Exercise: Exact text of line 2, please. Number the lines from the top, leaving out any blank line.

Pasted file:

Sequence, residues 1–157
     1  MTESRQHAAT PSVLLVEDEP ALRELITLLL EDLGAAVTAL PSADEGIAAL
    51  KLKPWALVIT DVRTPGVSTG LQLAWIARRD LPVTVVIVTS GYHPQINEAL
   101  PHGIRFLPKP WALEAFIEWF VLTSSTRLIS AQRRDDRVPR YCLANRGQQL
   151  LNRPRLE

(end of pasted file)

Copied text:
     1  MTESRQHAAT PSVLLVEDEP ALRELITLLL EDLGAAVTAL PSADEGIAAL